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Sins of the Past

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In the city of Chicago, the streets were buzzing with life. If you crossed the road without carefully looking, you’d be lucky not to get hit by a car. In some places, street lamps flickered on. Men in their suits and women in their dresses littered the streets, their heads down, knowing exactly where they were going. The hum of vehicles and the shrill ringing of shop doorbells made up for the lack of conversation on the sidewalks.

One man walked these streets with his head held higher than those he walked past. To any of you, perhaps he would seem like a newcomer in the city, not knowing where his destination was. In truth, he had been to the city before, but this time was different. This time, he was looking for someone he loved instead of someone he hated.

His eyes were trained and sharp, looking for a sign of something familiar. Rather, someone familiar. Nobody knew the man in the leather jacket and the turtleneck jumper, but he knew them all by the metal they wore. He knew if they were out for a day of fun, if they were workers, or if they carried knives or guns.

He was looking for a particular set of blue eyes that he would always know, even from the other end of a street. He looked left and right as people passed him, looking. Always looking.

He felt for the hum of a familiar piece of metal – perhaps the watch, the chain he wore around his neck, or the gun that killed Sebastian Shaw.

He absentmindedly played with a coin in his pocket. He knew what the chain was now. He could never quite figure it out before, but now he knew that the chain held the dog tags that men were given when they joined the army. He never would have guessed it was that.

Charles Xavier was more than the man Erik thought he knew, and he had to find him before he did something awful.

Erik pushed out with his powers, trying to find that place between rage and serenity. He thought of his mother, and he thought of Charles. They were both the serenity to his rage, and he needed them both.

But now he just needed to find Charles.

He latched onto something: a handgun that seemed familiar, and he tried to follow where it was going. It was in front of him, hidden in the crowd of people. He started walking a little faster, weaving in and out of the people. He tried to catch sight of him, but he was still hidden.

How long had they been walking in the same direction? Erik didn’t know, but he kicked himself for not seeing him earlier.

He kept following him, unsure as to whether he should confront him in public or not. So he watched Charles jaywalk across the busy streets to an apartment building, where he slipped inside. Charles didn’t look like Charles – what with the simple pants, working boots and leather jacket, but it was undeniably him. It had to be. So Erik crossed the street and entered the building after him.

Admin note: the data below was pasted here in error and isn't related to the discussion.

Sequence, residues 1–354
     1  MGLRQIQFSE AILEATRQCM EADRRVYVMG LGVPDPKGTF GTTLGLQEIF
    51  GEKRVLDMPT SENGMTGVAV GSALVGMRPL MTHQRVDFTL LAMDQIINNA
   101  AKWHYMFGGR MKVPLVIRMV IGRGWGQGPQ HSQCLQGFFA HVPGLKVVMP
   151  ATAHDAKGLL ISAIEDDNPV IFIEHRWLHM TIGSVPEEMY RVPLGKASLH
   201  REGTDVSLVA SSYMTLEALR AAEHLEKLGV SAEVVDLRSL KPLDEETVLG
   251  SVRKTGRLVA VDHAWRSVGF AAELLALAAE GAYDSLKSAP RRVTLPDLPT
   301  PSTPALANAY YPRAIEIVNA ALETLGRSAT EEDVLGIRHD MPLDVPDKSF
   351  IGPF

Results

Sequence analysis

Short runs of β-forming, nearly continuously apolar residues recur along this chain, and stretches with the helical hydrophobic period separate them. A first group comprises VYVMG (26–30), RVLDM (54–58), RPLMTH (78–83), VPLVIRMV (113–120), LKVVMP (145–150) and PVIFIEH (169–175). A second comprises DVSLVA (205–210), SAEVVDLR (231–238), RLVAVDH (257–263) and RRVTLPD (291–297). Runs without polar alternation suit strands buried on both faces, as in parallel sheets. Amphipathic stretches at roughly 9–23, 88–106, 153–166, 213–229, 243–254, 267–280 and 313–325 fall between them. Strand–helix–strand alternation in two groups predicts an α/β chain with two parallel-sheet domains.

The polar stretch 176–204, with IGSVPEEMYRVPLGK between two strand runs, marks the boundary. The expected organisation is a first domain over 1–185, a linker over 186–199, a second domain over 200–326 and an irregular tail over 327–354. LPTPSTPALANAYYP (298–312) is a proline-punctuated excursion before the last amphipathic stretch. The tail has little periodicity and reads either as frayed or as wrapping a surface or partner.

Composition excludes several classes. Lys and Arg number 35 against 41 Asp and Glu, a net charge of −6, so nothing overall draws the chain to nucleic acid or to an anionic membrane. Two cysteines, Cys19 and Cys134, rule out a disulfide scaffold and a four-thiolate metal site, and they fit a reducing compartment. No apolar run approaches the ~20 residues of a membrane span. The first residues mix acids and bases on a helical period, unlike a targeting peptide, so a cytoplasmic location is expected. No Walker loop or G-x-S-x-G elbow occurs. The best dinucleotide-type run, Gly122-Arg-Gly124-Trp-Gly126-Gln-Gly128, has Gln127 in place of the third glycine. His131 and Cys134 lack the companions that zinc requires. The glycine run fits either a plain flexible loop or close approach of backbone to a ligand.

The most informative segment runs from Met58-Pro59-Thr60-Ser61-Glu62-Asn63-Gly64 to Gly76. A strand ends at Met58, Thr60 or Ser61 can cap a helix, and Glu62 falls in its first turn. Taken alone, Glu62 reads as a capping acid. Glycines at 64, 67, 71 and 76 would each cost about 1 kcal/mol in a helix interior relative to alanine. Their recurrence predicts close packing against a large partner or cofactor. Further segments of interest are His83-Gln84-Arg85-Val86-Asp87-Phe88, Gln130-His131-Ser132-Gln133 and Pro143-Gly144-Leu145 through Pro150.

He followed the hum of the metal up the stairs to an apartment with a rickety door. He tried the handle, not surprised when he found it locked. He undid the lock as quietly as he could, and silently slipped inside.

He followed the sound of the beautiful voice he’d missed over the past few days. He felt like he would have gone insane without Charles there. In the past, he might have called himself weak at how quickly he’d become attached. Instead, he did what Charles would do: called himself strong for finding the courage to love someone.

Charles sounded like he was talking to someone, but nobody was replying. “You told me I knew how to fix it,” Charles was saying. “She did too, actually. But you were telling me different things, weren’t you?” He sighed. “I’m sorry I didn’t see it back then. And I’m sorry I can’t listen to you now, but she’s right.”

Erik now stood beside the doorway, listening to Charles talk. His heart was racing.

“I’m sorry I can’t listen to them, either. They only saw me kill one man. They don’t know what I’ve done.” His voice broke and he exhaled shakily. “They don’t know how many people I’ve really killed. I… I can’t tell them, I don’t want them to look at me that way. I don’t think I’ll ever be able to look in a mirror again without… without seeing you, without seeing them.” Another pause. “Fox was right. Sloan was right. I’m so sorry.”

Erik felt the gun in Charles’s pocket move, and he heard the click of the safety and the slider.

“Well, father,” Charles said, sounding emotionless, “I guess I’ll see you in hell.”

Erik pushed himself off the wall and looked into the room, and he felt the gun’s excitement as the trigger was pulled.

No!” Panicking, Erik flung his powers towards the gun. It crumpled in Charles’s grip, the bullet along with it. Charles jumped a little, but gave a little laugh.

“I should have known you’d follow me,” Charles said, and it sounded like he was supressing a sob. “You are quite a stubborn person.”

Erik felt a tiny spike of anger, but tried to push it down for Charles’s sake. He pulled the useless lump of metal away from Charles, dropping it at the same of the room. Charles offered up no resistance, and simply leaned against the window. “So are you,” Erik said, taking a few slow steps towards Charles. “Or, I thought you were.”

Charles huffed. There was a strange silence as Erik moved to stand next to Charles. Charles looked out of the window into the apartment opposite, and Erik studied Charles. His eyes were bloodshot and there were dark circles under them, and he looked like he hadn’t eaten in the time since they’d seen each other last.